I promised I would send a link on how to plant your new 3 year old white pine tree. If you go to this link, it gives step-by-step instructions.
This morning Ally came to class and noticed a butterfly on the ground. Her first reaction was that one of our mounted butterflies had somehow fallen out of its case to the ground. But then Emma touched it and proclaimed it alive as it flew up to the ceiling! But that isn't the end of the story....or the beginning, for that matter.
This whole blog got started when students started bringing critters and interesting other natural items to class last fall. There were frogs and turtles and lots of wooly bear caterpillars. We even found that beautiful sphinx moth that laid eggs and became the basis for the Intermediate class' habitat observations.
One other caterpillar found it's way to class, but it soon also found its way out of the jar it came in! I thought it was a blacktail swallowtail, but it escaped before I got a positive I.D. on it.
I kept looking around for the caterpillar, hoping it had pupated somewhere that I could find it. I finally gave up the search thinking that it would reveal itself eventually...and it did! In fact, I had completely forgotten about it until today.
So, at lunch today when we were collecting our usual compost items for the mealworms and turtles, we asked for citrus as well. Normally we don't want citrus because it's bad for the worms. But I recalled that butterflies do like citrus, and with a little research at The Butterfly Site during today's QRT, confirmed this.
We'll take it down from the ceiling and put it in the butterfly cage along with some fruit for it to drink.
Katherine brought this strange looking leaf today, wondering what it is. How serendipitous. Only yesterday I did a fair amount of research on galls - specifically oak galls. Most oak galls are created by tiny parasitic wasps that lay their egg in the leaf or acorn of the oak tree. The larvae secretes chemicals that cause the oak to create the gall. There are as many types of galls as their are parasitic wasps. In North America, there are over 800 species which parasitize not just oaks but many other plant species. The gall serves as a shelter for the larvae before it changes into the adult wasp. It also serves as food. But, as you will see in the video, sometimes it is also a prison.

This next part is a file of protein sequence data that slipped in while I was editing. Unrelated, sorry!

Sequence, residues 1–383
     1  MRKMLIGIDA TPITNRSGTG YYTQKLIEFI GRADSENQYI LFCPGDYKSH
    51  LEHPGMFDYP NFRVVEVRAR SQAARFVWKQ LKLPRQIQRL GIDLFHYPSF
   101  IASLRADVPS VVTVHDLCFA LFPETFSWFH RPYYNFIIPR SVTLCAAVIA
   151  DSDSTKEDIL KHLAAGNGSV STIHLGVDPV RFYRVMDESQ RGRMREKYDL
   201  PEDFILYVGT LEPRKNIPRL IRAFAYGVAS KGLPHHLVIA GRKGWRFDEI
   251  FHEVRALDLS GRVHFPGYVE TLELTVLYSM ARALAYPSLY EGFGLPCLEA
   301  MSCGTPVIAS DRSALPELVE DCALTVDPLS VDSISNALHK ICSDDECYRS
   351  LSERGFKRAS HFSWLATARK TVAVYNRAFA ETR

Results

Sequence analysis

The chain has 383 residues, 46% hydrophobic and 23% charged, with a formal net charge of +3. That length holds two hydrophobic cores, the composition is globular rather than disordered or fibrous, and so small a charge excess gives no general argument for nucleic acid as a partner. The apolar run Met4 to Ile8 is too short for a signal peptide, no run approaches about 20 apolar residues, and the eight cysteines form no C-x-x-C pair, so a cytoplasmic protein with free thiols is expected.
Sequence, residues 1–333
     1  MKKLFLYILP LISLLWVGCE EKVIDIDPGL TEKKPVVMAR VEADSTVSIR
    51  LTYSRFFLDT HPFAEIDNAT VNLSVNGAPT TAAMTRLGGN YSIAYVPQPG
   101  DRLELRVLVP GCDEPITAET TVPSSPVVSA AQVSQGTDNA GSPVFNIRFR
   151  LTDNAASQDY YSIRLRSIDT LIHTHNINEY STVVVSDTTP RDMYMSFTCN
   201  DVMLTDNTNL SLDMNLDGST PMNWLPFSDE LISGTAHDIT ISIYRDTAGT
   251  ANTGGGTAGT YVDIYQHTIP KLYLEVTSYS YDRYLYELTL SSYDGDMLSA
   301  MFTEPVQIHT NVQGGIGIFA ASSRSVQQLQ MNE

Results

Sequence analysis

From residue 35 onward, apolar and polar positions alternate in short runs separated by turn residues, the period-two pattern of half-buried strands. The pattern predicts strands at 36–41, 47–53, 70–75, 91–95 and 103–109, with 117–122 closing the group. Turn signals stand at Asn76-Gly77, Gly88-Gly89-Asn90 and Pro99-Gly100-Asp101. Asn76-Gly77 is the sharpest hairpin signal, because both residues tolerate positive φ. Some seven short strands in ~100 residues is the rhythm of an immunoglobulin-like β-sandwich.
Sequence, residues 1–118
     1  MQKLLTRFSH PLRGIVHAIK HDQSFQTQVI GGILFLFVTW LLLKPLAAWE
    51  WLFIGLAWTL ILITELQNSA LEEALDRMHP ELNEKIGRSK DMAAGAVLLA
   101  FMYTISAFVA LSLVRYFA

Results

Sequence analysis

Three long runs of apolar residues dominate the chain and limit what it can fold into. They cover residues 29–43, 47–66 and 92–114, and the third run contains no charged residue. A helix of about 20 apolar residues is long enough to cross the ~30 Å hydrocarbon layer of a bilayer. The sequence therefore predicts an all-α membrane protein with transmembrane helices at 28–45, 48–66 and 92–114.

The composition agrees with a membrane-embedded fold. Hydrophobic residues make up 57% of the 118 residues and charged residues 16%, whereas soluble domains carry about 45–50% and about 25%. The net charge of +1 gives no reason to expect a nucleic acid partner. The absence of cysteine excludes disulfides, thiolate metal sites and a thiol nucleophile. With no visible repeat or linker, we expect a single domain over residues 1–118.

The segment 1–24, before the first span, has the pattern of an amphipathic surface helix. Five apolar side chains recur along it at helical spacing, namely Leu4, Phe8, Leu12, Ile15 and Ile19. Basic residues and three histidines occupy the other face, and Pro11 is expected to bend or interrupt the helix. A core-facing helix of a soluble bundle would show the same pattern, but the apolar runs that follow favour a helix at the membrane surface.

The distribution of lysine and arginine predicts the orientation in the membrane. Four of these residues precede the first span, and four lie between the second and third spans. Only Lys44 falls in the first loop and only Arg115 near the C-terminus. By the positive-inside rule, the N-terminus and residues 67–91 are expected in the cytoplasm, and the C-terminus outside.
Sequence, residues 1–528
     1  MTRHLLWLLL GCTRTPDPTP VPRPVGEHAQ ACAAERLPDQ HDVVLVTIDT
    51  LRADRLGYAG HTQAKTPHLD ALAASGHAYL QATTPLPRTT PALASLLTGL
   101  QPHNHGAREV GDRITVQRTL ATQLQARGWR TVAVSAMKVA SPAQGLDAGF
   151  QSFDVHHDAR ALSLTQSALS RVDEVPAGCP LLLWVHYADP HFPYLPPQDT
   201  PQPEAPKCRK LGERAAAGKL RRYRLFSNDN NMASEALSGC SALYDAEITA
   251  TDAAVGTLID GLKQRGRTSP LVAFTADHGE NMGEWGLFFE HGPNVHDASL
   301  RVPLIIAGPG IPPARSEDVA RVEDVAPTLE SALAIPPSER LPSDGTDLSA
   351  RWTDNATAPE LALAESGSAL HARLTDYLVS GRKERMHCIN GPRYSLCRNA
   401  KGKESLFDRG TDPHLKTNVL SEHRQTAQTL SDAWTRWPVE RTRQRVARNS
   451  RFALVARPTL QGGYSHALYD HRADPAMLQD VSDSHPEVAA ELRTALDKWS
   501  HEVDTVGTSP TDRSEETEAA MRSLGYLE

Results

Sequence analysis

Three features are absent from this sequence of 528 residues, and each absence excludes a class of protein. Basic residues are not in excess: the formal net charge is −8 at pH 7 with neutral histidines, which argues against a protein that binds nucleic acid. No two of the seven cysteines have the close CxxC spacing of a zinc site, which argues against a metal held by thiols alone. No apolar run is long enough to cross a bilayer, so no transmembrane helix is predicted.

The excitement just doesn't seem to stop around here! Zadan found a hatchling Brown snake (also known as a DeKay brown snake) inside the school today by the nest and Quinn captured it unhurt with the help of Ms. Jane. The excited crowd came running upstairs, gathering more people in their wake to present the tiny snake to the science department. We identified it as a baby brown snake. These are not very big snakes and grow from about 23 cm to 58 cm. They eat slugs, snails and worms, and will also eat grubs. They typically live under the leaf litter. Snakes are ectothermic, which means that they rely on their surroundings to control their body temperature. As the temperatures outside get cooler, you can imagine that the nice warm school would be a good place to warm up. The only problem is that they can get stepped on - one of the many reasons why baby brown snakes do not survive to adulthood. We'll see if we can get it to eat while it stays with us, but we won't keep it. Great find!!
The 4/5 boys told me all about the large praying mantis they found in field today during recess. This is one I wished I could see, because I've never seen a praying mantis in the wild. I'm including a stock photo, but there are a few species of praying mantis, so I may not have the correct one. Hopefully we'll be able to capture it next time so everyone can see it.
I'm not the best person to tell this tale, because I came into school after all the excitement. When I walked into Ms. McCulley's class, she mischievously told me that she had a surprise for me. Apparently, this little guy was found in the downstairs copy room and caused some great excitement. Ann caught the little thing and brought it upstairs to the science department (you don't know how much I love that you all do this!) and Ms. McCulley and the very excited students went about identifying the little rodent. Turns out it's a shrew - and a little one at that. We suspect that with all the building going on, an opening was made by the workers that allowed it to get in.
By the time I arrived, they had already discovered that a shrew eats 80-90% of it's body weight daily, which it amply demonstrated when it wolfed down abut 10 meal worms. If you go to the Wikipedia link, you'll find out some other interesting facts about this mammal - for instance, it has 10 litters of
We've had so many wonderful discoveries of late, that it's been difficult to keep up! Andrew's dad, Dan, found newly hatched snapping turtles marching down to Dunn's Marsh and brought a box full of them for the lucky kids at After School Study club to see. I went back with him to the site and found 3 nests that had recently hatched. We could tell by all the empty eggs. We decided to help the little one's make the trek back to the marsh by collecting them up and delivering them to a small inlet to the marsh.
We decided to keep two of them for the habitat the Intermediates are building for their habitat studies. If you're interested in learning more about snapping turtles, go to this website.
Ms. McCulley was telling me this afternoon that a "new" critter was found in the playground originally by Kiran & Annalisa. She described it as having very long legs (like a daddy-long legs), but with transparent wings. It also had 6, not 8 legs.
"Crane fly?" I asked. So we looked it up and confirmed that it was indeed a crane fly. If you click on the photo, you'll find out some interesting things about why you might like to have a crane fly hanging around. It also has some other curious and funny common names.